How does an artist decide to do the work she does? How does that work evolve over time? What impact does it have on the audience and how can an artist deepen that impact? In my recent conversation with dancer and choreographer Lynn Neuman, I encountered an artist with boundless curiosity. This curiosity drives her work.
As director of Artichoke Dance Company, Lynn recognizes the vital role art plays in addressing issues like climate change. But entertaining and educating are not enough for Lynn and her company. They always want to do more to get people to act. Through community engagement and direct outreach to lawmakers, they are training community members to change legislation.
During the pandemic, Lynn and Artichoke Dance Company have been adjusting and adapting once again. See their Covid Creations. “It reflects our feelings of isolation and desires for connection during the coronavirus,” Lynn explains. “Filmed at various times of day, the series reflects the available bandwidth of the internet.”
Next month: When faced with an existential crisis, poet Walt Whitman allowed himself to be transformed for his times. Lessons Whitman learned are relevant for artists today as we face multiple crises.
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This article is part of The Art House series.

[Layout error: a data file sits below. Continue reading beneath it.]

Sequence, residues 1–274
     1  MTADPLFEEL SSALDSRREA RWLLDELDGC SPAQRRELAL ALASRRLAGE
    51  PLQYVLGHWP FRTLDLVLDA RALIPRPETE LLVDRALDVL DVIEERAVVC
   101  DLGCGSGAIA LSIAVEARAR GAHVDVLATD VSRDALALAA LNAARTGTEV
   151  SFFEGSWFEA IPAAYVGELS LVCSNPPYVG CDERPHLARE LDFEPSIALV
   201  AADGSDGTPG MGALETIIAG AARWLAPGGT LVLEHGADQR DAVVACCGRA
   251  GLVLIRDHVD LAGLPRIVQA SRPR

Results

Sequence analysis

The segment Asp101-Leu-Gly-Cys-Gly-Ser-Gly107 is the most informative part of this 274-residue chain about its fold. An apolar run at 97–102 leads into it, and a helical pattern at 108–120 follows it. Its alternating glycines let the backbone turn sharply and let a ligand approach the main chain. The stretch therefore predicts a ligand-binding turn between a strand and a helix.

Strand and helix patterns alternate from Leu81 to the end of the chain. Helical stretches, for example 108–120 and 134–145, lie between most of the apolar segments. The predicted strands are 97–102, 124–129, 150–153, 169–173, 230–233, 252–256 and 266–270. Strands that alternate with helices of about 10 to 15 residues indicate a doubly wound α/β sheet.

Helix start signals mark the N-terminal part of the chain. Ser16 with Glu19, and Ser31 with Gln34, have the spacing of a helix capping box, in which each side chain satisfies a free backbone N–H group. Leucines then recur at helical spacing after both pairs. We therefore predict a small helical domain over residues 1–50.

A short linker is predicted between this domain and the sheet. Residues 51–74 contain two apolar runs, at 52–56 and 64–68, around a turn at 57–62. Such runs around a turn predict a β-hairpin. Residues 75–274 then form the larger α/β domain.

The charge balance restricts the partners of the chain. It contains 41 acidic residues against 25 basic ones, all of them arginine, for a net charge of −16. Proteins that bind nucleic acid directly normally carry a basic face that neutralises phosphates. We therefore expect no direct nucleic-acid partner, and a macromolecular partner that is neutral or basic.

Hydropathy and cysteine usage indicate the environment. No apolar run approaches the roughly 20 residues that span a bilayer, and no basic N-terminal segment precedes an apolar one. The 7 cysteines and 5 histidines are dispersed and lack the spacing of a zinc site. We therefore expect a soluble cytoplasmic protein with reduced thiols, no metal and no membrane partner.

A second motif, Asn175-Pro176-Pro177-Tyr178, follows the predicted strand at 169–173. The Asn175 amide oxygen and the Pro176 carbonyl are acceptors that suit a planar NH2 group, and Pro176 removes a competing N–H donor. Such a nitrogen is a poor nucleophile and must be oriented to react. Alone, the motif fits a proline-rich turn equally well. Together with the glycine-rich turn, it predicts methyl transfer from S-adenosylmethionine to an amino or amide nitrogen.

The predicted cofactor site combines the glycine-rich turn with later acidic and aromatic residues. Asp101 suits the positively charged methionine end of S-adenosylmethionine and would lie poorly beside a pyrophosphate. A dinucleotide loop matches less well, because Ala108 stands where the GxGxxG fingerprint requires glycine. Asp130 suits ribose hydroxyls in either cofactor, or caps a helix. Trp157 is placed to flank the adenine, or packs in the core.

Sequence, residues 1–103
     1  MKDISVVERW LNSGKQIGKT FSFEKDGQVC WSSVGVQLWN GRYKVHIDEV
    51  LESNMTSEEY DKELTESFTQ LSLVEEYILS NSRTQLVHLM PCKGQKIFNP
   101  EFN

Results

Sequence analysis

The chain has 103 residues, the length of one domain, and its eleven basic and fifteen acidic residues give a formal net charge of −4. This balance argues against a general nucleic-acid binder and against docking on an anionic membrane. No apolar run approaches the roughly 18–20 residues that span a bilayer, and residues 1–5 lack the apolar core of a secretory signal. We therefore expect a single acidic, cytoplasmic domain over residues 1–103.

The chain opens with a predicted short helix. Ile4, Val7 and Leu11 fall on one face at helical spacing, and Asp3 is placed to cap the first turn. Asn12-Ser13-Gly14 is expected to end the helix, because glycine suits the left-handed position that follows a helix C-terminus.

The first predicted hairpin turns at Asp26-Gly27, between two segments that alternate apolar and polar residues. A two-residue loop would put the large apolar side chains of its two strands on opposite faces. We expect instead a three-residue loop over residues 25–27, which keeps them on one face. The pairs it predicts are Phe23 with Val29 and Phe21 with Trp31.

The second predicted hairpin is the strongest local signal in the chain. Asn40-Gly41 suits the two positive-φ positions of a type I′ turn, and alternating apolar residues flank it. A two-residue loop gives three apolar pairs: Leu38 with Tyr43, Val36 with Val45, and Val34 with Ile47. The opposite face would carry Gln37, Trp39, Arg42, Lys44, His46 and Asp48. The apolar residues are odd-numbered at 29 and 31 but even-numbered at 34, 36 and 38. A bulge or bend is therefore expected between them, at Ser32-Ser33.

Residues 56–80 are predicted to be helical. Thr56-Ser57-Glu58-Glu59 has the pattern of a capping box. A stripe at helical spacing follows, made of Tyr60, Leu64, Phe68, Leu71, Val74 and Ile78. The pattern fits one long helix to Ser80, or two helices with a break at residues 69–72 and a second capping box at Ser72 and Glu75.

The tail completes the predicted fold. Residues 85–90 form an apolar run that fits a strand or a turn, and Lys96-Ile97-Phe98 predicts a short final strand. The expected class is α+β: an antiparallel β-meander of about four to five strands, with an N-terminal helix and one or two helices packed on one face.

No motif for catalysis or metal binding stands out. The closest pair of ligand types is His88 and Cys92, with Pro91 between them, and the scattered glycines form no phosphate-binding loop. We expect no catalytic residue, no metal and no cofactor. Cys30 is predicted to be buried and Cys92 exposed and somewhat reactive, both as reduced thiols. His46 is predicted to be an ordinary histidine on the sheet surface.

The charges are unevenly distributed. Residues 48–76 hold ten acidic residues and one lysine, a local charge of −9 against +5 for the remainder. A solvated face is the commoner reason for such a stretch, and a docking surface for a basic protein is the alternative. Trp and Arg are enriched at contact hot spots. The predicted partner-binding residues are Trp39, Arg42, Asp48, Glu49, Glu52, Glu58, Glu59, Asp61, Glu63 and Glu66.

As host of Citizens’ Climate Radio, Peterson Toscano regularly features artists who address climate change in their work. The Art House section of his program includes singer/songwriters, visual artists, comics, creative writers, and playwrights. Through a collaboration with Artists and Climate Change and Citizens’ Climate Education, each month Peterson reissues The Art House for this blog. If you have an idea for The Art House, contact Peterson: radio @ citizensclimatelobby.org
Artists and Climate Change is a blog that tracks artistic responses from all disciplines to the problem of climate change. It is both a study about what is being done, and a resource for anyone interested in the subject. Art has the power to reframe the conversation about our environmental crisis so it is inclusive, constructive, and conducive to action. Art can, and should, shape our values and behavior so we are better equipped to face the formidable challenge in front of us.
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